Renault flags possible misdeed by ex-chairman Carlos Ghosn for €50k wedding in carmaker's first disclosure

VIDEO: REUTERS
Carlos Ghosn gestures during a press confrence in Paris, on Oct 6, 2017.
Carlos Ghosn gestures during a press confrence in Paris, on Oct 6, 2017.PHOTO: AFP

PARIS (BLOOMBERG) - Renault SA plans to turn over evidence to French authorities that jailed former chairman Carlos Ghosn may have misused company benefits to host his extravagant 2016 wedding, marking the first time the carmaker has disclosed possible improprieties by the executive in France.

"The elements gathered so far require additional checks to be carried out," Renault said in a statement on Thursday (Feb 7).

A €50,000 (S$76,900) contribution was part of a sponsorship deal between the automaker and the Chateau de Versailles, leading Renault "to bring these facts to the attention of the judicial authorities".

The contribution was related to Ghosn's wedding celebration held at the historic castle outside Paris, according to a person familiar with the matter who asked not to be named because the information is not public. It is the estimated cost of renting out the premises under a philanthropy contract signed by Ghosn that entitled the carmaker to hold corporate events, the person said.

Renault's disclosure marks the first time the carmaker has uncovered potential wrongdoing by the fallen executive in France after allegations of financial crimes by Japanese authorities.

Its findings stem from an internal probe Renault started in November shortly after Ghosn was arrested in Tokyo. He was quickly ousted by alliance partners Nissan Motor and Mitsubishi Motors and resigned as chairman and chief executive officer of Renault last month.

Renault's investigation found that Ghosn was likely the sole beneficiary of the Versailles event and not the company, according to the person.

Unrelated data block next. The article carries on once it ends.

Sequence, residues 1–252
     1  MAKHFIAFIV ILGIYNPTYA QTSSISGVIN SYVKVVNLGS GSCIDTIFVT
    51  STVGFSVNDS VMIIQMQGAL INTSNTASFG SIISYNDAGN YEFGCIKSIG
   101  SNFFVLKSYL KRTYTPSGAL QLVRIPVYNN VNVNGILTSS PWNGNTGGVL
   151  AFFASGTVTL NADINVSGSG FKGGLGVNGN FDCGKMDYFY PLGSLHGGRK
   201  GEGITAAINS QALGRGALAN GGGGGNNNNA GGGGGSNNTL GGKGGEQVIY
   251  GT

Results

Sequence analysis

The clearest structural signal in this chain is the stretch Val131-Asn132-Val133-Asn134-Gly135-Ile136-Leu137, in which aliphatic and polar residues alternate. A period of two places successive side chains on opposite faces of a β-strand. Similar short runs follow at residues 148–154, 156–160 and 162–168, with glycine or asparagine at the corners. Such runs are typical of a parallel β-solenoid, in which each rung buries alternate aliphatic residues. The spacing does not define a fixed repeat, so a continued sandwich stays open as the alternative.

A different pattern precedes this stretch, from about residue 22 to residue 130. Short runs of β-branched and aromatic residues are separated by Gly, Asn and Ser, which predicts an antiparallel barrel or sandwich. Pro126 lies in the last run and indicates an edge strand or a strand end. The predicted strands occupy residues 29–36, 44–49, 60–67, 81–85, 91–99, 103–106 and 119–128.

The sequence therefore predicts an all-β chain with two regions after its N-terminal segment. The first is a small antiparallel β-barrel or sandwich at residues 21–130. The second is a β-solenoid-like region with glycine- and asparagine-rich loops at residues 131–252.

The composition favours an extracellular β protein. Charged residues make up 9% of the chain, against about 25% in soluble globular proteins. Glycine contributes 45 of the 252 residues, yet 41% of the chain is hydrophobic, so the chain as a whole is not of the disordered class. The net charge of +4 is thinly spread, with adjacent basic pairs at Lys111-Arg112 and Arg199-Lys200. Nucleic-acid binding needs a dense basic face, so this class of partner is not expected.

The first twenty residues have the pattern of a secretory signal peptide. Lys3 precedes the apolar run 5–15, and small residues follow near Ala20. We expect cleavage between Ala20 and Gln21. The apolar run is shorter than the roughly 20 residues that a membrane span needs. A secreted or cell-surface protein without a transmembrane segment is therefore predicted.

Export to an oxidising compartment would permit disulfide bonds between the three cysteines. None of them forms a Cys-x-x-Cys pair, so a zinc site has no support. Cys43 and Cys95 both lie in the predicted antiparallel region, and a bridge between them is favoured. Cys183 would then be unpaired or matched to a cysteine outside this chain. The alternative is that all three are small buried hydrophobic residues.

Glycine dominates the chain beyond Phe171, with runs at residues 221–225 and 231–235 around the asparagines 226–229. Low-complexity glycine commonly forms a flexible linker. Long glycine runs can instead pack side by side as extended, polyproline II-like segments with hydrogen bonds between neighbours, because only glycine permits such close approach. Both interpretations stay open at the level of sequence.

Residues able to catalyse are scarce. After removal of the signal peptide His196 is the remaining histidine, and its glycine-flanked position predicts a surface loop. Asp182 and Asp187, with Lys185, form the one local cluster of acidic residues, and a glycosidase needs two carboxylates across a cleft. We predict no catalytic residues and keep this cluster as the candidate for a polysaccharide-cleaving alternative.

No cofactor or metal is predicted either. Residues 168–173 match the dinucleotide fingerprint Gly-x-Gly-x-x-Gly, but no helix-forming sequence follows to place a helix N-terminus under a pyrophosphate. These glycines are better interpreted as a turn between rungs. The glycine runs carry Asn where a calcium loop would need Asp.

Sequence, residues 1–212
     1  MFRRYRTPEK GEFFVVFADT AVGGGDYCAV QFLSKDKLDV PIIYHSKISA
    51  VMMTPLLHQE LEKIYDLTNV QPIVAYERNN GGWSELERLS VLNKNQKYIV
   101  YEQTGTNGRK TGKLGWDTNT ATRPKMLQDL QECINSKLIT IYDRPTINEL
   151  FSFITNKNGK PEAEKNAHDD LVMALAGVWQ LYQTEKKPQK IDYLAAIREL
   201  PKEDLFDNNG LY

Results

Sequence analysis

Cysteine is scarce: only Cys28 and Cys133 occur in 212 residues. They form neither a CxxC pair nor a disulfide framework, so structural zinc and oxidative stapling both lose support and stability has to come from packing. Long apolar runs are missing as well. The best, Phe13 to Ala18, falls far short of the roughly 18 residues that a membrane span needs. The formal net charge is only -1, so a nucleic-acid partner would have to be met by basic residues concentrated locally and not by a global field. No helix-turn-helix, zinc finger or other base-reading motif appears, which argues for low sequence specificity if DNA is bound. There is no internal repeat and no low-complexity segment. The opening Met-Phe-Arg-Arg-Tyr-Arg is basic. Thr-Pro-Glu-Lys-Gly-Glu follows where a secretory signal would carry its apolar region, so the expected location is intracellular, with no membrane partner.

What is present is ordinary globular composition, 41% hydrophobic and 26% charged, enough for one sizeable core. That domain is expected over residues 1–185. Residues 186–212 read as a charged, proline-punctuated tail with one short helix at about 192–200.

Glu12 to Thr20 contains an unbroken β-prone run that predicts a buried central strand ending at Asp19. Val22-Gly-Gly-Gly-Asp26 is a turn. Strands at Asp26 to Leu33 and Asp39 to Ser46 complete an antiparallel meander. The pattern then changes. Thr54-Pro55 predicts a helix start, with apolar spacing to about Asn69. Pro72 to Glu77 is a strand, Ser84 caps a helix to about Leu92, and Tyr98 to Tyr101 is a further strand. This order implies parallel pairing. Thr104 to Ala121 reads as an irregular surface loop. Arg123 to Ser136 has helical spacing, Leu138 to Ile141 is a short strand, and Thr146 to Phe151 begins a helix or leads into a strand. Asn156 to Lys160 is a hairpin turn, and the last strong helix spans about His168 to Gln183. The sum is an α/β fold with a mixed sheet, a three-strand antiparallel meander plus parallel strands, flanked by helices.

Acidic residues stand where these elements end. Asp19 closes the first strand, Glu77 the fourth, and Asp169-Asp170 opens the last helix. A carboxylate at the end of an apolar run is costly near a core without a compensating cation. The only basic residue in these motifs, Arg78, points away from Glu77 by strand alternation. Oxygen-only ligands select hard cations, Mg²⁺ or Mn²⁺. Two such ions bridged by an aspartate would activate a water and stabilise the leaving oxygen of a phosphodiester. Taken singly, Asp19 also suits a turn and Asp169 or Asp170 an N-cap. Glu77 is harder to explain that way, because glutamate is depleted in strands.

Ghosn's lawyer in France, Mr Jean-Yves Le Borgne, did not return requests for comment. Le Figaro first reported Renault's decision to take the finding to the authorities.

Ghosn and his wife Carole used the Grand Trianon part of the sprawling castle and gardens for a party they threw in 2016 inspired by Sofia Coppola's 2006 film, Marie Antoinette.

The nuptials were followed by a photo spread published in Town & Country magazine showing actors in period costumes, along with eye-popping arrays of desserts and snaps of Ghosn and his family.

Marie Antoinette came to symbolise the opulent lifestyle of French aristocracy at a time of revolt. She was executed four years after the revolution.

Born in Brazil, raised in Lebanon and educated in Paris, Ghosn jetted around the world visiting car plants, meeting ministers and eating and sleeping in the world's finest restaurants and hotels. Revelations since his arrest have lifted the veil on luxury homes, opulent decor and lavish entertaining.

Ghosn's ouster from the Japanese companies has created tension within their three-company partnership. Renault has agreed to Nissan's demands that both companies investigate the finances of RNBV, the Dutch company that manages the alliance.

The French carmaker's new chairman, Mr Jean-Dominique Senard, has pledged to mend the alliance and overhaul Renault's governance. He is expected to unveil plans for Renault next month, the person said.